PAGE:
WINCHESTER — A public hearing will be held next month on a boundary line dispute between Frederick and Warren counties.

The Frederick County Board of Supervisors voted 4-3 on Wednesday night to hold the hearing, which is set for 7 p.m. Aug. 14 at the County Administration Building, 107 N. Kent St.

The disputed land is along Foster Hollow Road east of Middletown and is comprised of seven parcels on about 20 acres. A recent survey by Marsh and Legge PLC, coupled with data from Frederick County’s GIS map, confirmed the parcels are on Frederick’s side of its boundary with Warren County.

But the property owners always believed the land was in Warren County — a result of deed information being inaccurate or incomplete when filed. Over the years, the residents have paid taxes in Warren County, voted in Warren County and sent their children to school in Warren County.

At the hearing, people will have a chance to give their input on whether the Board of Supervisors should adjust the boundary line to designate the land as being in Warren County.

Adjusting the boundary would benefit the property owners who have thought for decades that they are Warren County residents.

Supervisors Bob Wells, J. Douglas McCarthy, Judith McCann-Slaughter and Shannon Trout voted in favor of scheduling a public hearing. Chairman Charles DeHaven Jr. and supervisors Gary Lofton and Blaine Dunn opposed it. They maintain the boundary line has been in place since 1836, and they see no good reason to change it.

“It’s been established for a couple hundred years already,” DeHaven said. “I have concerns about the folks who will be directly impacted now, but that line will be there for many, many years we hope.”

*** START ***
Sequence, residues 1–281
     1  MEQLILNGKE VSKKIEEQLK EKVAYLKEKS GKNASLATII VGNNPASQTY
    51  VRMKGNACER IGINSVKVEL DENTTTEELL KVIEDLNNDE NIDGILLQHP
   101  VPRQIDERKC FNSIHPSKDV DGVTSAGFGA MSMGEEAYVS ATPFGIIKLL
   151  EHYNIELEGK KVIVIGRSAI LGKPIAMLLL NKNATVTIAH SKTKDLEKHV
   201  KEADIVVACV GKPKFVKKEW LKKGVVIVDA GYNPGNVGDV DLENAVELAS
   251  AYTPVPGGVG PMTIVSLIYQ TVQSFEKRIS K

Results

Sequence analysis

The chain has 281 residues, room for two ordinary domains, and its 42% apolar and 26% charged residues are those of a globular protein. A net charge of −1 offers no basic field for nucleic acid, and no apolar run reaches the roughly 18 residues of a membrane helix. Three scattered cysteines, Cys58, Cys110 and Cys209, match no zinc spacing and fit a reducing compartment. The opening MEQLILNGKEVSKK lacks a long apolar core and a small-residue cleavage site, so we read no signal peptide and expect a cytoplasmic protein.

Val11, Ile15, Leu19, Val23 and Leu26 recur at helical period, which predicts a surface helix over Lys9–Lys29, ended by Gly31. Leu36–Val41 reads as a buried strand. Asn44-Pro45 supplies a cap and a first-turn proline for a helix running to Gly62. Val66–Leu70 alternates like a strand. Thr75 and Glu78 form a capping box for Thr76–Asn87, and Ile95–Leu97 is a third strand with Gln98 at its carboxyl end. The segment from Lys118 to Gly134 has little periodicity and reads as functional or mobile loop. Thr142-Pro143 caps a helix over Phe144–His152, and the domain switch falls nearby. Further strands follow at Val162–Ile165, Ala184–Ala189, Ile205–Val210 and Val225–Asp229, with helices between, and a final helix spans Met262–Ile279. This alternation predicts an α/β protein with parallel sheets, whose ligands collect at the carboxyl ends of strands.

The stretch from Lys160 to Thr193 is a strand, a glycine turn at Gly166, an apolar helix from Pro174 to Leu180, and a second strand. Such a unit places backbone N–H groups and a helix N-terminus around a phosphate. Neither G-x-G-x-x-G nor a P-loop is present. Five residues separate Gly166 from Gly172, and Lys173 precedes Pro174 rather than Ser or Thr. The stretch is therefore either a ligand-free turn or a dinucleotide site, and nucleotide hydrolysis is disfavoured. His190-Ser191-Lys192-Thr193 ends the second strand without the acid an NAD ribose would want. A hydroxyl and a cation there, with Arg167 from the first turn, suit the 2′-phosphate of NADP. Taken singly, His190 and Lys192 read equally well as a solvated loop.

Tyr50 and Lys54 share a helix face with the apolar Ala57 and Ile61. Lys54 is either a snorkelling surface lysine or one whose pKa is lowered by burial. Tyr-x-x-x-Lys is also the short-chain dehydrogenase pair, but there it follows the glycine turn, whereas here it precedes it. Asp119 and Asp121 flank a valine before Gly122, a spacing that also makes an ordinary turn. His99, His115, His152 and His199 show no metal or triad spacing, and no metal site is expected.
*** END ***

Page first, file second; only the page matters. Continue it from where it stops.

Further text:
The matter previously went before the Board of Supervisors on June 12, but was delayed due to McCarthy and Trout being absent. Since then, Warren County has indicated there are currently no children registered in Warren County Public Schools from those parcels. Warren County receives approximately $9,800 in revenue from real estate and personal property taxes on the properties in question.

Warren County also will hold a hearing on the boundary adjustment. If both boards agree to it, they would file a joint petition with the Circuit Court in either Warren County or Frederick County.

Also at the meeting, the board unanimously approved a conditional-use permit that will allow a landscape contracting business to locate at 154 Gainesboro Road.

Property owners Glenda and Wenzel “Pat” Dousa plan to sell the property to Arthur Nelson Sisk, owner of Art Sisk Tree and Landscaping at 140 Gainesboro Road. The business does tree removal, tree pruning, tree spraying and landscaping.

The permit would limit hours of operation from 8 a.m. to 8 p.m. seven days a week. Only six employees would be allowed on site at any given time.

— Contact Josh Janney at

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